Today we are going small and local… Established in 1995, The Slanted Door, located in San Francisco, CA, is one of the most renown Vietnamese food restaurants in the country. Led by James Beard-nominated chef Charles Phan, The Slanted Door has grown from a hole in the wall establishment to a posh spot in the foodie-friendly Ferry Building and is the center point of a family of four restaurants under The Slanted Group Door umbrella. A new identity has been designed by San Francisco-based Manual.
We developed a logo and associated visual language that was as modern and sophisticated as the restaurant’s food. The resulting mark references the ‘slanted’ aspect of the name and utilizes a single line to bring a distinct and memorable element to the identity. With family being a core value of the Slanted Door group, this unifying line also conveys the notion of connection.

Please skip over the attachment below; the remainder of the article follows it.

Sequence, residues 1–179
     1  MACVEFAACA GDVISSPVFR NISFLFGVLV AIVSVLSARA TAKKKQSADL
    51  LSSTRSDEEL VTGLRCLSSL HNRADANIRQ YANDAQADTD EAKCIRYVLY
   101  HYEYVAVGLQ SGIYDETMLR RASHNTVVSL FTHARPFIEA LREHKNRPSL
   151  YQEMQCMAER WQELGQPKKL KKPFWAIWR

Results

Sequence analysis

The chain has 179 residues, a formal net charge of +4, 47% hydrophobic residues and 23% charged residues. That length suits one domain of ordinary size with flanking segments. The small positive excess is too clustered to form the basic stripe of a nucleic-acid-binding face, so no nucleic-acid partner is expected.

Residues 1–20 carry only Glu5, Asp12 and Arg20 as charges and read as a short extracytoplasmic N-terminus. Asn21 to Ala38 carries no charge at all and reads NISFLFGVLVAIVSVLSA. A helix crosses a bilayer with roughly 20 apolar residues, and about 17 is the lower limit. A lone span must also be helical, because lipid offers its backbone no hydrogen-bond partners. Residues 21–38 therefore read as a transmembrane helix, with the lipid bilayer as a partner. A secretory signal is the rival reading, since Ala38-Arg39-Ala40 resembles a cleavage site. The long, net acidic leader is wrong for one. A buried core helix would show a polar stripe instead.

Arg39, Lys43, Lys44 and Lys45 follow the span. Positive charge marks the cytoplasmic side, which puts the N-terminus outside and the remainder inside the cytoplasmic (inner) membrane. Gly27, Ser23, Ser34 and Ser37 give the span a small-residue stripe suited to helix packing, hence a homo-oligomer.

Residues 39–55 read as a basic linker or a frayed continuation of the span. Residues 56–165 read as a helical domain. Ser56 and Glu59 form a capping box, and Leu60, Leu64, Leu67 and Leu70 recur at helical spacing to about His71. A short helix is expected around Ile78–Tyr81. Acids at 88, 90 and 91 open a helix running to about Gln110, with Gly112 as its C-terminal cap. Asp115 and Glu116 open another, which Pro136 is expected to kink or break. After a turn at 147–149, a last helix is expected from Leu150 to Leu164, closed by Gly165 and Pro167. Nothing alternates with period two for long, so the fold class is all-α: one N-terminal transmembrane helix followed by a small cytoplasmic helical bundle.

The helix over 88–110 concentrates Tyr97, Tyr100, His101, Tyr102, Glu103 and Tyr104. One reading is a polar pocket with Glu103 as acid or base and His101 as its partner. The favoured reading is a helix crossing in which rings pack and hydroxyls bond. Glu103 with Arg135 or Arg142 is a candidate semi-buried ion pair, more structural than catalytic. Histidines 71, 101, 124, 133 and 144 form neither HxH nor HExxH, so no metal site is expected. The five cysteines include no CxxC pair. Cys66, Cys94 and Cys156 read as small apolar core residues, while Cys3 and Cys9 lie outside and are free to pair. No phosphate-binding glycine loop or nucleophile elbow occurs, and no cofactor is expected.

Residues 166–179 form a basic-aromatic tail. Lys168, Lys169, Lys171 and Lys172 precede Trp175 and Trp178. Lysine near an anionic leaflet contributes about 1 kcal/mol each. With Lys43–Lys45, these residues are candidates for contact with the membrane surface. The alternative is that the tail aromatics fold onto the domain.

— Manual Case Study
A supporting monogram is used as a sign-off, bearing resemblance to a nautical flag — a fitting connotation given the restaurant’s location at the water’s edge. This monogram is used as a supporting sign-off on branded items, and is also used to represent the umbrella company The Slanted Door Group.
The previous logo, apart from being almost a non-logo, was somewhat confusing, highlighting “ED” above anything else and the old menus didn’t quite make justice to the $11-cocktails or $50-plus-wine bottles available. The new logo is an elegant, Lubalin-esque solution that, if not entirely perfect — the tracking feels a little tight and I wish the diagonal line connected in a smoother way with the “THE” on top — conveys a better sense of upscale dining and the uniqueness of the restaurant. Where the identity really shines is in the applications, relying on a simple trick of a diagonal line dictating where and how things fold and letting the materials carry the sparely designed elements. Overall, a very effective, needed, and appropriate redesign.
The identity is applied in copper ink and foil across a muted, sophisticated color palette. All paper menus fold at an angle, providing a simple, unusual touch.